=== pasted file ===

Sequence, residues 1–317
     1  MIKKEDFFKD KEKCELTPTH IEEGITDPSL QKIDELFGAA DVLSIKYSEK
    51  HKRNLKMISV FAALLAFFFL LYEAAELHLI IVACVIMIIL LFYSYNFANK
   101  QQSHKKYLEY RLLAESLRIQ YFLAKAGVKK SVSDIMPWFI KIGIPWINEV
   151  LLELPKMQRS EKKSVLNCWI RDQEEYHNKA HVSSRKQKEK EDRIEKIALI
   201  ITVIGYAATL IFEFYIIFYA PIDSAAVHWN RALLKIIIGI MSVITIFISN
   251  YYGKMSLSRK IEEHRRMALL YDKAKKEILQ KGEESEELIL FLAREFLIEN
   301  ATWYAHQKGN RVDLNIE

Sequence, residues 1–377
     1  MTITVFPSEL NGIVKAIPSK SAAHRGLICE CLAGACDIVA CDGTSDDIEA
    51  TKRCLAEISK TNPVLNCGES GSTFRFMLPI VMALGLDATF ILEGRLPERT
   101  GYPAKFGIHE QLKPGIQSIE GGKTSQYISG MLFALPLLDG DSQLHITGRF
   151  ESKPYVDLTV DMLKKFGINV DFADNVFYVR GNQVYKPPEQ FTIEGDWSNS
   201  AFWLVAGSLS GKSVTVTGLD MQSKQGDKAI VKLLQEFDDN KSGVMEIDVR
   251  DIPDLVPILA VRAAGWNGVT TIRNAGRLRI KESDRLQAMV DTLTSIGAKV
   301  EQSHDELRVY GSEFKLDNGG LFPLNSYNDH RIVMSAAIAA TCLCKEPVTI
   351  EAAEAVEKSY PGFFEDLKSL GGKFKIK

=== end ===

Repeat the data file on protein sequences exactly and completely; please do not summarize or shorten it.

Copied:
Sequence, residues 1–317
     1  MIKKEDFFKD KEKCELTPTH IEEGITDPSL QKIDELFGAA DVLSIKYSEK
    51  HKRNLKMISV FAALLAFFFL LYEAAELHLI IVACVIMIIL LFYSYNFANK
   101  QQSHKKYLEY RLLAESLRIQ YFLAKAGVKK SVSDIMPWFI KIGIPWINEV
   151  LLELPKMQRS EKKSVLNCWI RDQEEYHNKA HVSSRKQKEK EDRIEKIALI
   201  ITVIGYAATL IFEFYIIFYA PIDSAAVHWN RALLKIIIGI MSVITIFISN
   251  YYGKMSLSRK IEEHRRMALL YDKAKKEILQ KGEESEELIL FLAREFLIEN
   301  ATWYAHQKGN RVDLNIE

Sequence, residues 1–377
     1  MTITVFPSEL NGIVKAIPSK SAAHRGLICE CLAGACDIVA CDGTSDDIEA
    51  TKRCLAEISK TNPVLNCGES GSTFRFMLPI VMALGLDATF ILEGRLPERT
   101  GYPAKFGIHE QLKPGIQSIE GGKTSQYISG MLFALPLLDG DSQLHITGRF
   151  ESKPYVDLTV DMLKKFGINV DFADNVFYVR GNQVYKPPEQ FTIEGDWSNS
   201  AFWLVAGSLS GKSVTVTGLD MQSKQGDKAI VKLLQEFDDN KSGVMEIDVR
   251  DIPDLVPILA VRAAGWNGVT TIRNAGRLRI KESDRLQAMV DTLTSIGAKV
   301  EQSHDELRVY GSEFKLDNGG LFPLNSYNDH RIVMSAAIAA TCLCKEPVTI
   351  EAAEAVEKSY PGFFEDLKSL GGKFKIK